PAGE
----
And for the record, I browse with ALL advertising blocked. I don’t want to see ANY. But having an alternative for those who want to easily block AGGRESSIVE advertising but allow more low-key ads WITHOUT needing an army of people working on ever-changing Block-Lists dealing with each and every site on the internet…it seems like a good alternative. And I was 100% against the whole idea of ‘acceptable advertising’. Remember, folks: NO ONE is forcing you to see the ads—you can still block them all with ABP.

    Or is that a bit too difficult for you to understand?

  6. georg · 2013-10-13 14:45 · #

    Perhaps I’ve over-read it, but one thing seems to be missing from the statistics report.

    What are the reasons for the < 10 % non-free whitelistings?

    Is paying for a white-listing completely optional, does it speedup the process or is it due to some well-defined criteria (e.g. when ad-company has more than so-and-so market-share etc.)?

  7. infoguy · 2013-10-14 18:44 · #

    1) Why shouldn’t a company that provides a VALUABLE SERVICE to internet users have to provide it for free?
    2) To commenter #3 above: Pretty sure wishing cancer on someone is worse than attempting to profit off of a product that is free to internet users and provides a valuable service (but allows you to opt out of the Acceptable Ads program and continue to block ALL ads).
    3) The non-free listings are from companies with deep pockets. They don’t specify who, but think about it.

    From the Adblock FAQ page:

    “We are being paid by some larger properties that serve non-intrusive advertisements that want to participate in the Acceptable Ads initiative.

    Whitelisting is free for all small and medium-sized websites and blogs. However, managing this list requires significant effort on our side and this task cannot be completely taken over by volunteers as it happens with common filter lists.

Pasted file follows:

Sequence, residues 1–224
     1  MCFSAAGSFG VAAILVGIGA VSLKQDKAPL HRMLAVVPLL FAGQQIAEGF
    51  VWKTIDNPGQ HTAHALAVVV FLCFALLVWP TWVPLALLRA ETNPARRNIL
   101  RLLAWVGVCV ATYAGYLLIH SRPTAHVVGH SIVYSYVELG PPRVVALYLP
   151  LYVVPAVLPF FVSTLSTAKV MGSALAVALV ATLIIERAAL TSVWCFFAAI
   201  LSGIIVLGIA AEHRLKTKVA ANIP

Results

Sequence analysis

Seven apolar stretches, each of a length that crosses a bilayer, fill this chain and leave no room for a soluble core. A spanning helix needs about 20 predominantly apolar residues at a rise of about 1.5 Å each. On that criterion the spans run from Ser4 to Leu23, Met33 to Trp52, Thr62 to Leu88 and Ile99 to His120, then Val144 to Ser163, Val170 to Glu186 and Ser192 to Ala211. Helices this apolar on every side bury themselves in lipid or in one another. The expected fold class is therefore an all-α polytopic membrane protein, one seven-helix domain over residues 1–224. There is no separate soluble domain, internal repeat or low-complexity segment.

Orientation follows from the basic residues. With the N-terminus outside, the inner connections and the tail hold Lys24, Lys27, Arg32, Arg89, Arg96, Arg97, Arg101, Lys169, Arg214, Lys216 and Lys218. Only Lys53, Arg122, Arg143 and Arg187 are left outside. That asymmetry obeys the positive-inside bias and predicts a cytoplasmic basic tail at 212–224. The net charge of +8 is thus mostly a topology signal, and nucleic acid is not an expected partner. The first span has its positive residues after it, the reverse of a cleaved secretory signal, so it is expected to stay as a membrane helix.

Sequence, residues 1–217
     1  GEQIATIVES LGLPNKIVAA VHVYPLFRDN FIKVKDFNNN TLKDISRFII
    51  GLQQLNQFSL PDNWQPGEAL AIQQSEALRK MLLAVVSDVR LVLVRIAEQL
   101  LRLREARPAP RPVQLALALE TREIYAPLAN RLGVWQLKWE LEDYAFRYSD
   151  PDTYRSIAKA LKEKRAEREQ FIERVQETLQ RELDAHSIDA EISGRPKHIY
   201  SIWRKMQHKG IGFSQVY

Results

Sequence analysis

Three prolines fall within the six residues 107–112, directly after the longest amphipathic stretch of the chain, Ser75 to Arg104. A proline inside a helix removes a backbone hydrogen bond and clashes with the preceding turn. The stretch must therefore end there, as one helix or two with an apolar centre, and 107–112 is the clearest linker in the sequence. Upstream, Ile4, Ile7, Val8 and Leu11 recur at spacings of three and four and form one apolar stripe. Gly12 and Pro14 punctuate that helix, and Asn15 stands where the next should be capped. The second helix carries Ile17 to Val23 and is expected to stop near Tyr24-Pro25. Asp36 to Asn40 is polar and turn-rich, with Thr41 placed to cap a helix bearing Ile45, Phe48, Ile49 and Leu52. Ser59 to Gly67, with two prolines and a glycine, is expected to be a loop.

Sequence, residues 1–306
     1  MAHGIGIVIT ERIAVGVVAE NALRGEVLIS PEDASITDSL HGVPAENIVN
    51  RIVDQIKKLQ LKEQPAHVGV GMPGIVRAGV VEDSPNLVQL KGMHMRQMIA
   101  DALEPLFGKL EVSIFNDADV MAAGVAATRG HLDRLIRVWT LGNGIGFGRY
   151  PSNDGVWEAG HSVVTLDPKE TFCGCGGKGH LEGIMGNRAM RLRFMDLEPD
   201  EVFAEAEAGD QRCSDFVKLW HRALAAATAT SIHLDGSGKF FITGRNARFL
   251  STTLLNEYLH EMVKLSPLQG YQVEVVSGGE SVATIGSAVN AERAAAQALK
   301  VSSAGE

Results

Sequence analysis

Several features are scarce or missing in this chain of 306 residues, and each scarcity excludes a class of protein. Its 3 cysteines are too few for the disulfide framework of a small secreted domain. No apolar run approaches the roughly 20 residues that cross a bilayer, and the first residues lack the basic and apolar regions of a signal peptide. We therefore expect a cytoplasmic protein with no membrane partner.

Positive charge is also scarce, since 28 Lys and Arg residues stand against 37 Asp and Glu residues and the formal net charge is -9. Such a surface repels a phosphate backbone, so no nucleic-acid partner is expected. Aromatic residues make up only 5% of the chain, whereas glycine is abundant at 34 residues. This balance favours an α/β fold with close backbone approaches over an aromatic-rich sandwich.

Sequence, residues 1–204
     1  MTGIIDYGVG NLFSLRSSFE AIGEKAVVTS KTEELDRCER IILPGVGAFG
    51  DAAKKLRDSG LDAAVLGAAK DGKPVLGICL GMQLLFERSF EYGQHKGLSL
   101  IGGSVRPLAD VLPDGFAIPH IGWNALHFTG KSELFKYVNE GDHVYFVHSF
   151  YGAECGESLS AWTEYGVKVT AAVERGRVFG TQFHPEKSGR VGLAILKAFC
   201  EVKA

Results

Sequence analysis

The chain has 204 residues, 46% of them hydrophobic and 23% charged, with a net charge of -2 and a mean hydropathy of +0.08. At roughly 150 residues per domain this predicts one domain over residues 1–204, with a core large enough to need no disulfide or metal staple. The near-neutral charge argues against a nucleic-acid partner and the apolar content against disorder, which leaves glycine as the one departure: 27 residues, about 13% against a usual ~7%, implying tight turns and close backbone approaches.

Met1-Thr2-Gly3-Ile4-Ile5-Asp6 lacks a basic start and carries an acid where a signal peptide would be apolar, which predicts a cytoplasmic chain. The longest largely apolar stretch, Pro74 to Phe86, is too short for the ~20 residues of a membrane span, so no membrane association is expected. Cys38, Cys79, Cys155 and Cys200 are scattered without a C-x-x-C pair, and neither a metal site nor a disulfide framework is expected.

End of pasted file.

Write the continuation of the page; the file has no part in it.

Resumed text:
Note that we will never whitelist any ads that don’t meet these criteria. There is no way to buy a spot in the whitelist. Also note that whitelisting is free for small- and medium-sized websites.

    In addition, we received startup capital from our investors, like Tim Schumacher, who believe in Acceptable Ads and want to see the concept succeed.”

  8. infoguy · 2013-10-15 09:33 · #

    Sorry minor typo!
    1) Why should a company that provides a VALUABLE SERVICE to internet users have to provide it for free?

  9. Anonymous · 2013-11-02 17:33 · #

    So massive companies can pay you to not block their less obtrusive ads. Cool.

    Let me know when you refuse to whitelist a company unless it SOLELY displays less obtrusive ads. Then your “we’re working to build a better advertiser-viewer experience” justification will actually work.

    Reply from Wladimir Palant:

    We are working towards that but whitelisting websites if they serve only acceptable ads turned out unrealistic – nobody would do that right now. There needs to be more incentive to use acceptable advertising first.

Commenting is closed for this article.